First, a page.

Not a great spokes-man
BY RICK MORRISSEY email@example.com October 17, 2012 10:50PM
Disgraced cyclist Lance Armstrong’s deceit has finally caught up with him, and he is stepping down as chairman of his Livestrong cancer-fighting charity. | Pierre Andrieu~Getty Images
Updated: November 19, 2012 3:39PM
You know it’s bad when Nike, which would support a dictator as long as his AK-47 had a swoosh on it, drops your sorry, saddle-sore butt.
And you know you’ve reached a new low when you finally realize that the charity you’ve been hiding behind for years is hurt more by your presence than by your absence.
So it goes for Lance Armstrong, whose Wednesday morning couldn’t have been much worse. As sweet as these days have been for those of us who were sure Armstrong was a liar and a cheater, it’s tempered by the knowledge that there are still millions of people who still consider him a hero.
His deaf and blind supporters will continue to subject us to arguments that the greater good is the important thing here — that Armstrong’s charity work helped people who wouldn’t have been helped otherwise. They refuse to acknowledge that everything he built, especially Livestrong, his cancer-fighting foundation, stood on a bedrock of deceit.
In other words, the whole thing was a load of nothing, a shell game. Maybe he’ll come clean someday and tell us what compelled him to use performance-enhancing drugs, though I think we know the answer. Ego and competitive drive pushed him, all the way to seven Tour de France titles, which have since been yanked from him.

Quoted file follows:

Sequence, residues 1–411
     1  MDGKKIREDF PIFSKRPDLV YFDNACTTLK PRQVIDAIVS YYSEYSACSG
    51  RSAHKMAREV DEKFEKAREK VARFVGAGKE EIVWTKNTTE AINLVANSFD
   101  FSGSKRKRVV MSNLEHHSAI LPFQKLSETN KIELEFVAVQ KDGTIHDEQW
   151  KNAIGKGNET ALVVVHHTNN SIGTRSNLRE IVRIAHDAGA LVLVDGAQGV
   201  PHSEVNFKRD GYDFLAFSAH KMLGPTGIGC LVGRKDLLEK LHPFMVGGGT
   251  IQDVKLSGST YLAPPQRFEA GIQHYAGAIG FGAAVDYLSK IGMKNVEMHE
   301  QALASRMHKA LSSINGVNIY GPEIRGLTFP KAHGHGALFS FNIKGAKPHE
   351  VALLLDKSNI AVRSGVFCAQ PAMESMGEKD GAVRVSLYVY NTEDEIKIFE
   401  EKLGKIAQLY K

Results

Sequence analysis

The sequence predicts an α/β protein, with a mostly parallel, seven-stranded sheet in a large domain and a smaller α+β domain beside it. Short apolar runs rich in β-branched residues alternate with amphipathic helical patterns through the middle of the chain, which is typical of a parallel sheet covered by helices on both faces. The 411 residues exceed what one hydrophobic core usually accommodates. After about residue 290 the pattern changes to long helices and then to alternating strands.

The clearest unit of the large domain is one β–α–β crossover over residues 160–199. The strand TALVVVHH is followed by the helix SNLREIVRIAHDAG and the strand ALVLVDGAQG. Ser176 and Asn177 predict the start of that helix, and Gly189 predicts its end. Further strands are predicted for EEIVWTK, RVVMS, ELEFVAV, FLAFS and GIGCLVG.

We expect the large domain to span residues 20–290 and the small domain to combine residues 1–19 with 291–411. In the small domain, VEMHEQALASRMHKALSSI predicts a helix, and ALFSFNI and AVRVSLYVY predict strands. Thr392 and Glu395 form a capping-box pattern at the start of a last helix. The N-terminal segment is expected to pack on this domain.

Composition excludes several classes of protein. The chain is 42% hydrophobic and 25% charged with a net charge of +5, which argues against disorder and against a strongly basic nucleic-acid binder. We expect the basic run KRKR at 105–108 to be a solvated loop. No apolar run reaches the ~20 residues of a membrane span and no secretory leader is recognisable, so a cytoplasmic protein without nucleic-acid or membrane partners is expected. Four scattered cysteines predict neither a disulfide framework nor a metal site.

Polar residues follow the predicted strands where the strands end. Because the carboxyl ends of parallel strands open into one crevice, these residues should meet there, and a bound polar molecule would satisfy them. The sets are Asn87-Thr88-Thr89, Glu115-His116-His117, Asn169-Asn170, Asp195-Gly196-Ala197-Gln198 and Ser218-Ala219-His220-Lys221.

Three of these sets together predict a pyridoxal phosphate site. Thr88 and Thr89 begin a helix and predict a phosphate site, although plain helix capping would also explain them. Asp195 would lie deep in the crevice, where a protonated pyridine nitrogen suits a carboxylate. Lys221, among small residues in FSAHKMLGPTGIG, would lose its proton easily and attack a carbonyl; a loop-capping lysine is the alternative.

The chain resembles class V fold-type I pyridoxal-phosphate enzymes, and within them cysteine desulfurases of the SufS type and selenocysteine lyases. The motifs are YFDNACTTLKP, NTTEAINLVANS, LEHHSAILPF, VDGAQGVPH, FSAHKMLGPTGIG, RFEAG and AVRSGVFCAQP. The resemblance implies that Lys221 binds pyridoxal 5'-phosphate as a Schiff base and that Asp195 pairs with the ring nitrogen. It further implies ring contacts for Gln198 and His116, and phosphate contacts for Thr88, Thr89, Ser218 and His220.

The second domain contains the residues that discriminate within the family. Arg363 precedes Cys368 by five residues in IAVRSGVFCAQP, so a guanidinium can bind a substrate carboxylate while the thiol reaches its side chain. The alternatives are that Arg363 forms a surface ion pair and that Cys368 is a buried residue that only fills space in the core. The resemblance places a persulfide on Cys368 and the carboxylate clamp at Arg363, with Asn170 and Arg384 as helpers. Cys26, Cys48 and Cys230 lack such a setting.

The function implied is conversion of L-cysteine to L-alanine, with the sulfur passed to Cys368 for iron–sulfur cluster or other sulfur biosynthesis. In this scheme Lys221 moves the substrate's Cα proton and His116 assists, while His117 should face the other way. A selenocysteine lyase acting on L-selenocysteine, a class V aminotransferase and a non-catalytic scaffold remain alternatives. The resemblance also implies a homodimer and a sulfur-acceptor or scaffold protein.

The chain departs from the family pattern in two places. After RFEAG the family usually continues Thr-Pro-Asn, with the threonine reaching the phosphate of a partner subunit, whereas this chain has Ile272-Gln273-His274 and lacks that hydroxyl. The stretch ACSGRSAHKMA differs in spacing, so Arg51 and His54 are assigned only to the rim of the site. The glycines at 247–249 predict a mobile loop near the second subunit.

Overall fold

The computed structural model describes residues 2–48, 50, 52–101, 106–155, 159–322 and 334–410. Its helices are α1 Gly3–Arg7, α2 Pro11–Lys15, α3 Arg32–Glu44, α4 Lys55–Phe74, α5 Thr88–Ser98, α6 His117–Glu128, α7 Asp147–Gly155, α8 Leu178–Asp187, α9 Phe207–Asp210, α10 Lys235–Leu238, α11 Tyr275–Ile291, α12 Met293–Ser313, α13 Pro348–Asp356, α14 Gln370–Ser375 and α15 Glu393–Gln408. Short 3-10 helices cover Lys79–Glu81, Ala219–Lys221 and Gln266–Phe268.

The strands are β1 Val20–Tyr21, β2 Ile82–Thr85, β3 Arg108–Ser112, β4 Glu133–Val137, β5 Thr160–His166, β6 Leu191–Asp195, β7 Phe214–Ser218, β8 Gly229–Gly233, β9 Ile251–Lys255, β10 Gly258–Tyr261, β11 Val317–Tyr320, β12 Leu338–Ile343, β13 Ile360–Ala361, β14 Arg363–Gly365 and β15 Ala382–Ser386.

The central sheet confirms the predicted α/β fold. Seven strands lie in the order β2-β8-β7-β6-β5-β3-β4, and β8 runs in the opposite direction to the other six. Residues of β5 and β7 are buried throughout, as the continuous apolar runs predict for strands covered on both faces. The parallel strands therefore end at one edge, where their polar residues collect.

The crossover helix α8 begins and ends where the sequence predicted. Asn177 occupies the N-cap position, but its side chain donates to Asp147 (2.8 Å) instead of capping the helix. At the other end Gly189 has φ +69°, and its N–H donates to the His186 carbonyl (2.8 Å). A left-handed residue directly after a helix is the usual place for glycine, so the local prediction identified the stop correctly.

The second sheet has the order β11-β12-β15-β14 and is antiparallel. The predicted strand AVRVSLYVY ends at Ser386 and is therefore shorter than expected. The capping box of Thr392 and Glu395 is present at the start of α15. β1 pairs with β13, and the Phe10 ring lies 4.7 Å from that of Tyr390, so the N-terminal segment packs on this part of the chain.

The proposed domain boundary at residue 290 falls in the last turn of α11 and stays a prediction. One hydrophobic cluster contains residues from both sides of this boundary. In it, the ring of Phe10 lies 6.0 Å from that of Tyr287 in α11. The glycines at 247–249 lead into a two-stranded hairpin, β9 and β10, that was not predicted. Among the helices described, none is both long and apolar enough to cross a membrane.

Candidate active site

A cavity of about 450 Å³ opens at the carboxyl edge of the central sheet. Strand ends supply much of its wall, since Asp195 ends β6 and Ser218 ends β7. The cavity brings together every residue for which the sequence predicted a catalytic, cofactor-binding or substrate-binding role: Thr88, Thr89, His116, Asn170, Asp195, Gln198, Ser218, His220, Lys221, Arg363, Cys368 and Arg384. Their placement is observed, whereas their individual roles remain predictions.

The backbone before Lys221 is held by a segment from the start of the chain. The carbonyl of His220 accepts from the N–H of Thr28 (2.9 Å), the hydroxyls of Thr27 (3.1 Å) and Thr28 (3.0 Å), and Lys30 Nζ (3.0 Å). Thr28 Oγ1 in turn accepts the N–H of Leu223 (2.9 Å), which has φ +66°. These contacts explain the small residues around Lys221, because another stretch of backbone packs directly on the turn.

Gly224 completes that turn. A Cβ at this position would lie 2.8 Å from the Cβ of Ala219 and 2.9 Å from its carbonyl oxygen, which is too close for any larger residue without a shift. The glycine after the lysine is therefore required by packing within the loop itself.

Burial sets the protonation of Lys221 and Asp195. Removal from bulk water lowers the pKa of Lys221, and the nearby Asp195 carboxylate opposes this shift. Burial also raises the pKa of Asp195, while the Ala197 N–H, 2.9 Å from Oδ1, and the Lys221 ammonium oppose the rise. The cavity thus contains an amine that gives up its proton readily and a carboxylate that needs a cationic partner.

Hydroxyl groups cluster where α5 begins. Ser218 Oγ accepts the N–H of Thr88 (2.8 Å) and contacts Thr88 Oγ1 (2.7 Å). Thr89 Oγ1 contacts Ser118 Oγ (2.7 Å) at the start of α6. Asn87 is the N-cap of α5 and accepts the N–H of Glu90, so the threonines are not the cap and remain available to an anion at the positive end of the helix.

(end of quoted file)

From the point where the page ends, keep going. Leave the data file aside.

The bigger question: What sort of person not only wants to beat the system but goes to outlandish lengths to show he’s a wonderful human being? There’s something deeply pathological in that. Armstrong used his charity work as a shield, and if you dared question his integrity, that shield would raise a knot on your head.
Not even his most loyal supporters can ignore what has happened over the last week, and Wednesday’s news was a few more shovels of dirt on the grave of his reputation. Nike doesn’t give up on moneymakers. A Nike athlete could get three DUIs and rob a bank, and the shoe company would release a statement saying, “What, YOU’VE never had a bad day before?” But even it seemed to realize that Armstrong was a lost cause, and, more important, that there was a chance of a backlash from a public that buys Nike products as if they’re necessities.
Armstrong announced he is stepping down as chairman of Livestrong because of the negative attention a damning U.S. Anti-Doping Agency report has cast on his cycling career. The report said that all of his Tour victories were fueled by PEDs, and it included statements from 11 of his former teammates.
If anyone out there is still wearing the yellow Livestrong wristband, please throw it away. You can support cancer research and education in other ways and through other foundations not built on lies. And you won’t have to look like a yellow-tagged fool doing it.